Vitamin D and Calcium Taken Together Reduce Mortality In Older Adults
At a Glance:
Research has found that older adults who take vitamin D with calcium supplements may have a longer life expectancy.
Read More About This Research Below:
During the last decade, there has been growing recognition of the beneficial health effects associated with vitamin D intake. A new study published in the Endocrine Society's Journal of Clinical Endocrinology and Metabolism (JCEM) has found that vitamin D, when taken in conjunction with calcium, may reduce the mortality rate in older adults.
This study used pooled data from eight randomized controlled trials that included a total of 70,528 participants. 86.8% of these participants were female, with a median age of 70. The studies each had a follow-up period of at least three years, allowing researchers to analyze the effect of vitamin D supplementation on mortality during this three year period.
The results showed a total decrease in mortality of 7%. However, a closer look at the data revealed that vitamin D alone did not have an effect on mortality. It was observed that in order to decrease mortality, calcium had to be supplemented with vitamin D. After taking this into account, researchers found that mortality was reduced by 9%. These findings suggest the reduced mortality was not due to a lower number of fractures, but represents a beneficial effect beyond the reduced fracture risk.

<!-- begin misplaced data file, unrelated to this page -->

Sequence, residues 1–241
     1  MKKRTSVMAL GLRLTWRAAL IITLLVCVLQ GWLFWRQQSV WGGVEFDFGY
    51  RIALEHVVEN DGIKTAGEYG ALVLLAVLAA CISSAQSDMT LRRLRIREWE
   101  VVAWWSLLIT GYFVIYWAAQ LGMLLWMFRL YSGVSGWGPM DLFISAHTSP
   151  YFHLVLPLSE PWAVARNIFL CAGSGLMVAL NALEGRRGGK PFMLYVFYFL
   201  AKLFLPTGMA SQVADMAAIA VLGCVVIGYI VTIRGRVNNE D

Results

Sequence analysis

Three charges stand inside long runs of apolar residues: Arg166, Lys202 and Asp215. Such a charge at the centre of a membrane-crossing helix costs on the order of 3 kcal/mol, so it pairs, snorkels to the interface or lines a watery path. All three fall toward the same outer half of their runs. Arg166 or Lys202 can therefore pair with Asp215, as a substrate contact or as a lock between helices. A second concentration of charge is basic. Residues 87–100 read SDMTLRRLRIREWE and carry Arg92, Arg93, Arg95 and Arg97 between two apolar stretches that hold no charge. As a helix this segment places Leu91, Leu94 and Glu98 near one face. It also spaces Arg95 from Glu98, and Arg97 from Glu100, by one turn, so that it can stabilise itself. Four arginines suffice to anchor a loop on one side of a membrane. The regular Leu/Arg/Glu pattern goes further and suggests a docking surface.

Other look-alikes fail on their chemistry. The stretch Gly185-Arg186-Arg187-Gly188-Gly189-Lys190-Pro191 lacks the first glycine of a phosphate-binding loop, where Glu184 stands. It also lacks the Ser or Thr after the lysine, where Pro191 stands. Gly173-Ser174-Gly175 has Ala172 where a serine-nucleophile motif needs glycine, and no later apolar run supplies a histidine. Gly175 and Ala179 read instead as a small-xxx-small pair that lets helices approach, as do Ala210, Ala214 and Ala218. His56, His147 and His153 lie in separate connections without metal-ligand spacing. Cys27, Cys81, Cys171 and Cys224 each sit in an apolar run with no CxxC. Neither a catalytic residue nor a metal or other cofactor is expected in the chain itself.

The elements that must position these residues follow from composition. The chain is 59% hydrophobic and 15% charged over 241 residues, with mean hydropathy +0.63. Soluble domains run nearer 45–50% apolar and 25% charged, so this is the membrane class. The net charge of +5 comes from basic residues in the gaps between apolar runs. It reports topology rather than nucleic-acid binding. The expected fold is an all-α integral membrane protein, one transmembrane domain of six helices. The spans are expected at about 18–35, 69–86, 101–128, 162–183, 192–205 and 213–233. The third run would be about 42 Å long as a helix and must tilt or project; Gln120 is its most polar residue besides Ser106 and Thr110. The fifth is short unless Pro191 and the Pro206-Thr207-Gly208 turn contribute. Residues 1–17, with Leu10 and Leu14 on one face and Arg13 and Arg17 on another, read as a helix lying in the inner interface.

While this does help increase the evidence for taking vitamin D supplements, it also provides an enlightening piece of evidence supporting calcium supplementation. The researchers conclude that calcium supplementation is not harmful to survival when it is taken in conjunction with vitamin D. Conversely, in this study calcium (when supplemented with vitamin D) appeared to have beneficial effects on general health as evidenced by the decreased mortality rate.
Rejnmark L, et al. Vitamin D with Calcium Reduces Mortality: Patient Level Pooled Analysis of 70,528 Patients from Eight Major Vitamin D Trials. J Clin Endocrinol Metab. 2012 May 17.
Source: USANA Health Sciences Essentials of Health